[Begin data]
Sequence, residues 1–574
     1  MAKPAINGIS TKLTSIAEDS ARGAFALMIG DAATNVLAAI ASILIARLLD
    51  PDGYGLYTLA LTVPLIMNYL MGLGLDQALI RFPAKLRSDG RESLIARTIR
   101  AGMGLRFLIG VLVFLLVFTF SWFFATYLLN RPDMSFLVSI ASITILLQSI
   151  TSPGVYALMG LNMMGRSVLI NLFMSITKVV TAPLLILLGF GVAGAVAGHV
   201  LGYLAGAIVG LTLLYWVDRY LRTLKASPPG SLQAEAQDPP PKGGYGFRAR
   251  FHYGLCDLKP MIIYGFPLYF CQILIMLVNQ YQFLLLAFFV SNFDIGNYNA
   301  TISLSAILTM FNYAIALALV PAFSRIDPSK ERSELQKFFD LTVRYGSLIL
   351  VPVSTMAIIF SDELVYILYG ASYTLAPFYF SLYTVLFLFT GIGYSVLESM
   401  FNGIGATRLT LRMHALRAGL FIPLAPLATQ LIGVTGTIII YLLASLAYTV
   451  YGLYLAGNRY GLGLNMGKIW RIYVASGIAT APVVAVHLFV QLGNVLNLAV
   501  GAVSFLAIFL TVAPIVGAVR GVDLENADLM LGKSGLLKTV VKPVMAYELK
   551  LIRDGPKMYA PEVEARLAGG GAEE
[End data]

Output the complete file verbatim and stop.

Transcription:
Sequence, residues 1–574
     1  MAKPAINGIS TKLTSIAEDS ARGAFALMIG DAATNVLAAI ASILIARLLD
    51  PDGYGLYTLA LTVPLIMNYL MGLGLDQALI RFPAKLRSDG RESLIARTIR
   101  AGMGLRFLIG VLVFLLVFTF SWFFATYLLN RPDMSFLVSI ASITILLQSI
   151  TSPGVYALMG LNMMGRSVLI NLFMSITKVV TAPLLILLGF GVAGAVAGHV
   201  LGYLAGAIVG LTLLYWVDRY LRTLKASPPG SLQAEAQDPP PKGGYGFRAR
   251  FHYGLCDLKP MIIYGFPLYF CQILIMLVNQ YQFLLLAFFV SNFDIGNYNA
   301  TISLSAILTM FNYAIALALV PAFSRIDPSK ERSELQKFFD LTVRYGSLIL
   351  VPVSTMAIIF SDELVYILYG ASYTLAPFYF SLYTVLFLFT GIGYSVLESM
   401  FNGIGATRLT LRMHALRAGL FIPLAPLATQ LIGVTGTIII YLLASLAYTV
   451  YGLYLAGNRY GLGLNMGKIW RIYVASGIAT APVVAVHLFV QLGNVLNLAV
   501  GAVSFLAIFL TVAPIVGAVR GVDLENADLM LGKSGLLKTV VKPVMAYELK
   551  LIRDGPKMYA PEVEARLAGG GAEE